JEFFERSON CITY - While skipping across the United States on campaign tours, two of the four major Presidential candidates have completely leaped over Missouri.
Vice-President Al Gore and U.S. Sen. John McCain have not made stops in the Show Me State during their presidential campaigning, even though Missouri's primary is less than three weeks away.
Democrat Bill Bradley, a Missouri native, has visited St. Louis and Kansas City, and George W. Bush, a Republican contender, stopped in Missouri four times.
This will be only the second time in history Missouri will hold a presidential primary after the 1988 primary passed by the Democratic-controlled legislature to give a boost the campaign of Missouri's Democratic Congressman Dick Gephardt.
Last year the legislature passed a bill to make presidential primaries permanent in Missouri.
March 7, is the date set. That date, however, is Super Tuesday which means Missouri will be competing with 10 other states -- including mega-states like California, Massachusetts and New York -- for candidate's attention.
But Missouri's secondary role also provides a potential advantage for challengers with limited campaign funds.
"Picking up a state like Missouri is key for Bradley," said Joe Gagnon, a senior political science student at MU, has been working with the Bill Bradley for President campaign. "He could really gain some ground."
Added Gagnon, "The Vice President might overlook Missouri because he already has two wins. He will probably concentrate on other states."
So far, Bradley has 27 national convention delegate votes while Gore has 42. A candidate needs more than 2000 delegates to receive the Democratic nomination.
In Missouri, the Democrat candidates will receive delegate votes based on a percentage of the votes in the primary. In Missouri, 92 convention votes will be decided in the primary -- compared to more than 1,400 delegates that will be selected by the ten other states on Super Tuesday.
Kim Baldwin, communication director for the state Democratic party, said she hopes candidates won't forget about Missouri when the primary rolls around.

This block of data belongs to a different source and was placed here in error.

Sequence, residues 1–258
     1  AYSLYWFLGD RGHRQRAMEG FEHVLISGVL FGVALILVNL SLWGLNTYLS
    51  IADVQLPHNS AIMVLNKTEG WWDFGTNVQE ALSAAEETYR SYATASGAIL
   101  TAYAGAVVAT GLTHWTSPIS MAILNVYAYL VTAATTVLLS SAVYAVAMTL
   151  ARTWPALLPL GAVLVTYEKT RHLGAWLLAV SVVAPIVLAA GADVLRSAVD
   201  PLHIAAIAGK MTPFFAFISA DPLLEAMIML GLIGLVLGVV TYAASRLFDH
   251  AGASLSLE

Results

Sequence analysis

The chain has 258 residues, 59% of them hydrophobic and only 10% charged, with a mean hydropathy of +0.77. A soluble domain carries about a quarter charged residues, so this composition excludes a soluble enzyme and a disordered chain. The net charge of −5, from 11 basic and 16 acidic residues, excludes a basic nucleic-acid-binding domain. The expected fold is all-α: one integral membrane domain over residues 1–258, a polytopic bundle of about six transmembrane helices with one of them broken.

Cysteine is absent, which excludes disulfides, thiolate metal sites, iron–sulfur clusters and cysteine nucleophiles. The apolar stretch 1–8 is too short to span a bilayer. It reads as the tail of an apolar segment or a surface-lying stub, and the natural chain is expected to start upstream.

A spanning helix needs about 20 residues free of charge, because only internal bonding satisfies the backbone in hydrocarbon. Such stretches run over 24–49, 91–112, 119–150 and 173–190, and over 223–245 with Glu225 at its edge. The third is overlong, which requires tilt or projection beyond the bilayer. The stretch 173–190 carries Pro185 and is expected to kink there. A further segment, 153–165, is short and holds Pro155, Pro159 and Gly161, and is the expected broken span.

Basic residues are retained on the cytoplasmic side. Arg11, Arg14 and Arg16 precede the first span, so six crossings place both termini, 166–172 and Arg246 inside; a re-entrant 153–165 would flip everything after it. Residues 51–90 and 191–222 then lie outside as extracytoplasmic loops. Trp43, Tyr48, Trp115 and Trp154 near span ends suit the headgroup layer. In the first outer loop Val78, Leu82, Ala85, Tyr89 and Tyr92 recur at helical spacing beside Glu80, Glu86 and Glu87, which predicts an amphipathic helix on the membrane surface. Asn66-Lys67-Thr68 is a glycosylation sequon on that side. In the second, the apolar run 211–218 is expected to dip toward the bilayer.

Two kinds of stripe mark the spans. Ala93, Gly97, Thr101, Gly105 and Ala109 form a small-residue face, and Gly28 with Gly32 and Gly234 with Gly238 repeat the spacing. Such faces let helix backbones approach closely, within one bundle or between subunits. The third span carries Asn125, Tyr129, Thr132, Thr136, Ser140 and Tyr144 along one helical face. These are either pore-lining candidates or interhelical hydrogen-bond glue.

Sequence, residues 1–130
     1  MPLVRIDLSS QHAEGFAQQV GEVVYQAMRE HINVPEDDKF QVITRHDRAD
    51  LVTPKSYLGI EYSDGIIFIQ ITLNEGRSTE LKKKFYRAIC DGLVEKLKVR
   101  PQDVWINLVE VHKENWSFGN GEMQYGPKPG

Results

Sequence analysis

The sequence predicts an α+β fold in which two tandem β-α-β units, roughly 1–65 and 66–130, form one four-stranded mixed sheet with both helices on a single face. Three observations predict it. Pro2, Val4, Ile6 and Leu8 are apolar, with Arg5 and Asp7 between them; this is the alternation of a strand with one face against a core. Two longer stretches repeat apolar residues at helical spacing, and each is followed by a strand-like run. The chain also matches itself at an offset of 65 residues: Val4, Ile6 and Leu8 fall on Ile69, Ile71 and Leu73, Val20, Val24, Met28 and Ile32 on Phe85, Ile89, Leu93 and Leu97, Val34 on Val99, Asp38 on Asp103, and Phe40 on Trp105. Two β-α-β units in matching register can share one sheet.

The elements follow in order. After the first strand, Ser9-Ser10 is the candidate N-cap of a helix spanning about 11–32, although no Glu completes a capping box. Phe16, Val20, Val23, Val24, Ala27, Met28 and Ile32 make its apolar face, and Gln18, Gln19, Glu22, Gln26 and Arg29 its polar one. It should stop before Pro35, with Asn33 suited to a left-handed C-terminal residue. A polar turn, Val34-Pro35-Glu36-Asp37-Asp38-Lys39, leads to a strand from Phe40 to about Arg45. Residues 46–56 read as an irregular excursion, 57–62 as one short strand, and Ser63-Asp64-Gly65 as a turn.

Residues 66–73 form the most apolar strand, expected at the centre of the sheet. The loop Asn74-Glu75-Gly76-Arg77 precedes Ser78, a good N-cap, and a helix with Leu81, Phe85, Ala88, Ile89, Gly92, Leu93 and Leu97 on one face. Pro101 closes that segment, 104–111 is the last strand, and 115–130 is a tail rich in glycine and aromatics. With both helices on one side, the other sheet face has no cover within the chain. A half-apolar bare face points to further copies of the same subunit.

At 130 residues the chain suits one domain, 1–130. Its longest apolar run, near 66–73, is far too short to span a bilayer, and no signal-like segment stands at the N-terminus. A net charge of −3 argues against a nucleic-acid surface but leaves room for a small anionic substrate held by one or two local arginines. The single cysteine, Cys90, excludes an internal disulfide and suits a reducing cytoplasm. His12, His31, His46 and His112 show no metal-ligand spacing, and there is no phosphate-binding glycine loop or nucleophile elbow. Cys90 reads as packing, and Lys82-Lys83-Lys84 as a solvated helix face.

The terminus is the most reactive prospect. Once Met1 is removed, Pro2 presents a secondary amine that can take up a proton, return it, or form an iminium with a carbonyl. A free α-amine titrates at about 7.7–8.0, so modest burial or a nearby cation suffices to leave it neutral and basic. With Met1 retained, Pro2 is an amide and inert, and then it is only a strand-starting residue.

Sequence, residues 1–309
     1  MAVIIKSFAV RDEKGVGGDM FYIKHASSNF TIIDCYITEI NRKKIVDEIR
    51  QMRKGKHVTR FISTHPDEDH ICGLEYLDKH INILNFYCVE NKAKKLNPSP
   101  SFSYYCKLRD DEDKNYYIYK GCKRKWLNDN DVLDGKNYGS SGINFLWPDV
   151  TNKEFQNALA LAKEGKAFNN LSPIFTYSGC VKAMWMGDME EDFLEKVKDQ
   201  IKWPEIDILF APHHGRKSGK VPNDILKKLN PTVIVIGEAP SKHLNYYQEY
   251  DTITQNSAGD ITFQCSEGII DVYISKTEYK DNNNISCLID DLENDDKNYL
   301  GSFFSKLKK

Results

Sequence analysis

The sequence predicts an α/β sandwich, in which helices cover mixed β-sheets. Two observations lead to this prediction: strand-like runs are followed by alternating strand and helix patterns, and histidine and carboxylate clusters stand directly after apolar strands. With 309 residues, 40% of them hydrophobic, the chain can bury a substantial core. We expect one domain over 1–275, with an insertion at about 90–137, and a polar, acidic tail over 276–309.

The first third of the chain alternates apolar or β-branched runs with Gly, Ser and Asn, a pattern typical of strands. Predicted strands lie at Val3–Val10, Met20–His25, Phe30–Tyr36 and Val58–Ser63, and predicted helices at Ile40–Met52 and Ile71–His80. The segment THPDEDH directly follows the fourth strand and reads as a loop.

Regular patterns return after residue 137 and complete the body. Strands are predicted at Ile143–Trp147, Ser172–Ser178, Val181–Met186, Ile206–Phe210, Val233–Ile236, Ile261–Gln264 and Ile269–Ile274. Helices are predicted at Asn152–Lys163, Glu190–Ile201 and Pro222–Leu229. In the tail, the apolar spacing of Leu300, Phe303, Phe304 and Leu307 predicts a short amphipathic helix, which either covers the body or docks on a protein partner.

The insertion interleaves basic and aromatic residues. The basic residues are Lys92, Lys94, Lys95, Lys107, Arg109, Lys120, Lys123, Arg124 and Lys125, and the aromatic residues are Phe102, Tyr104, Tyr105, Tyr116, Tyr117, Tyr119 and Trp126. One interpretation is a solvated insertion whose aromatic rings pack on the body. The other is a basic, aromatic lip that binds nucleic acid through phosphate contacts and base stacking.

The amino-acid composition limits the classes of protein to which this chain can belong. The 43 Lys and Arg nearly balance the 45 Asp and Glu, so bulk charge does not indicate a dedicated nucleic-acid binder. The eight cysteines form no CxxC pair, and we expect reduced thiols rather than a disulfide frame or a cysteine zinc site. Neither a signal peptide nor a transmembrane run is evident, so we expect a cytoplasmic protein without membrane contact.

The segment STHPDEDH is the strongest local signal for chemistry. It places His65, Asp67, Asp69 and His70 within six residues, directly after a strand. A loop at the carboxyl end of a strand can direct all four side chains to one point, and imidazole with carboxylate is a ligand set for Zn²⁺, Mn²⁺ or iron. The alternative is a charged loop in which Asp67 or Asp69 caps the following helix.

"Logistically, it's very hard to be everywhere," Baldwin said.
Although Gore has made 15 stops in Missouri over the last seven years, he has yet to make an appearance as a presidential candidate.
However, Todd Webster, spokesman for the Gore campaign, said the Vice-President will visit Missouri before the March primary. Webster also confirmed that Tipper Gore will stop by before the end of the month.
"Al Gore has tremendous support throughout Missouri," Webster said. "Missouri is a very important state."
On the Republican side, Daryl Duwe, spokesman for the state Republican Party, said he thinks Missouri probably will be overlooked. The voters might also chose not to pay attention, he said.
"So many other delegates are up for grabs," Duwe said.
Christopher Benjamin, a MU student and McCain supporter, said he doesn't think that McCain will overlook Missouri on Super Tuesday.
"Not if I have anything to do with it," Benjamin said.
Benjamin has helped to organize a grassroots campaign throughout the state. He also is working to promote student involvement in politics. Benjamin said he first supported Bush, but changed candidates because he said he feels McCain `is the real deal'.
Clayton Jones, an insurance agent in Nixa, Mo., switched parties altogether when McCain became a presidential candidate.
"I'm a Democrat, but I don't want to see four more years of what we have in the White House now," he said.
Jones, a Vietnam Veteran and Purple Heart recipient, decided to support McCain because the candidate's `integrity is not for sale.'
Like South Carolina, Missouri has an open primary that does not impose a restriction on whom can vote in a party's primary.
Unlike the Democrat candidates, the Republican race has become a seesaw between the top two contenders. So far, McCain has racked up 10 delegate votes nationally while Bush has 17. On Wednesday, former GOP Presidential hopeful Gary Bauer endorsed McCain.
In Missouri, State Rep. Catherine Hanaway, R-St. Louis County, is Bush's state campaign executive director. She said she does not think Missouri will be forgotten in the Republican primary when March 7 rolls around.
"Missouri is a bellwether state where the winner takes all," she said. "A close second gets zero."
The Republican winner in Missouri will grab all 35 national convention delegates.
U.S. Sens. Christopher Bond and John Ashcroft also have publicly supported Bush. Bond serves as the chairman for Bush's campaign in Missouri.
"It's not likely Missouri will get overlooked," said Dan Hubbard, spokesman for Bond. "Typically as Missouri goes, so goes the nation."
Missouri has chosen the winner in every general election but one in the last century.